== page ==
This article was designed to help patients, families, and caregivers quickly find answers to the most frequently asked questions about pathology reports. The answers were written by pathologists and reviewed by our team of patient advisers. Contact us if there is a question you would like to see answered on this page.
A pathology report is a medical document describing the examination of tissue by a pathologist. A pathologist is a specialist medical doctor who works closely with the other doctors in your health care team.
Yes, you can get a copy of your pathology report. Most hospitals now provide patients access to their pathology report and other medical records through an online patient portal. If the hospital or laboratory that prepared your pathology report does not have an online patient portal, you can always request to receive a copy of your report from the hospital, laboratory, or your doctor.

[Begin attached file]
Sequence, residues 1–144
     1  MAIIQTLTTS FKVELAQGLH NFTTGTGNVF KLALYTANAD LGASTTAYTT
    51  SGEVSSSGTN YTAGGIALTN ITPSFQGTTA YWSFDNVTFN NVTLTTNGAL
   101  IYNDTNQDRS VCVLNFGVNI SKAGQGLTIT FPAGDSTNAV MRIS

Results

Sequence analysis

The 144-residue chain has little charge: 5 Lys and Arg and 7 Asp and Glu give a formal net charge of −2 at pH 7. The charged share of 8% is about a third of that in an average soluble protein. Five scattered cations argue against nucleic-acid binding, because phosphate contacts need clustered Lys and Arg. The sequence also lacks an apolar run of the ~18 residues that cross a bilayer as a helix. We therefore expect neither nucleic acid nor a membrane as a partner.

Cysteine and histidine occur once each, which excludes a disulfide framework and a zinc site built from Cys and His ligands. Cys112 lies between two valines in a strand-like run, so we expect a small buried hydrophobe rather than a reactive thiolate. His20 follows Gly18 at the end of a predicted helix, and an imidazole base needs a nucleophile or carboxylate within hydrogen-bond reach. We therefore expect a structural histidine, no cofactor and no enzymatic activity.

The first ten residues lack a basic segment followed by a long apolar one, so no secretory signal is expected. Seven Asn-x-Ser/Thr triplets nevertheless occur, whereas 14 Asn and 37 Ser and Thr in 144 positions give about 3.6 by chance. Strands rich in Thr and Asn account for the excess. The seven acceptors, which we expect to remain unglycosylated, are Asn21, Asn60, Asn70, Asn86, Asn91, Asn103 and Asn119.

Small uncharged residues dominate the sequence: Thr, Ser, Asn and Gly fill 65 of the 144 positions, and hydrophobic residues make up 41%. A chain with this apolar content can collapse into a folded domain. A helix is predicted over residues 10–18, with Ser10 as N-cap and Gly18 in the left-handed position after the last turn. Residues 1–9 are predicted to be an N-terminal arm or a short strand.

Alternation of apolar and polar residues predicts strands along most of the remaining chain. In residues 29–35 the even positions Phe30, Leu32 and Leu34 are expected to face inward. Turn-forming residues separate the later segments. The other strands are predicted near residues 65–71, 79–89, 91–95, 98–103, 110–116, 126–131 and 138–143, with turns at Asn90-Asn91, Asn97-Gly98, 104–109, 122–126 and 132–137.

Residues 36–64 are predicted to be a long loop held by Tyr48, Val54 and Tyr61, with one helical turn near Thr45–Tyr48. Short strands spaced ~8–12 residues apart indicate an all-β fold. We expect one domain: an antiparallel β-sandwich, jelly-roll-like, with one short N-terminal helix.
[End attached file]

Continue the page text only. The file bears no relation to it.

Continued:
Yes, there is more than one type of pathology report and the type of pathology report prepared depends on the type of tissue sent for examination and the way the tissue was removed. Common types of pathology reports include surgical pathology, hematopathology, neuropathology, cytopathology, autopsy pathology, and forensic pathology. A surgical pathology report is used for most types of tissues including small biopsies, larger excisions and resections, and whole organ examinations. A hematopathology report is used to describe the examination of blood, bone marrow, and lymph nodes. A neuropathology report is used to describe the examination of tissue from the nervous system including the brain and spinal cord. In many hospitals, a neuropathology report is also used to describe the examination of muscle samples. A cytopathology report is used to describe the examination of very small tissue samples removed during either a fine-needle aspiration or a pap smear. Finally, autopsy and forensic pathology reports are used to describe the post-mortem examination of a body after a person has died. Whether an autopsy or forensic pathology report is prepared depends on the medical and legal circumstances surrounding the death.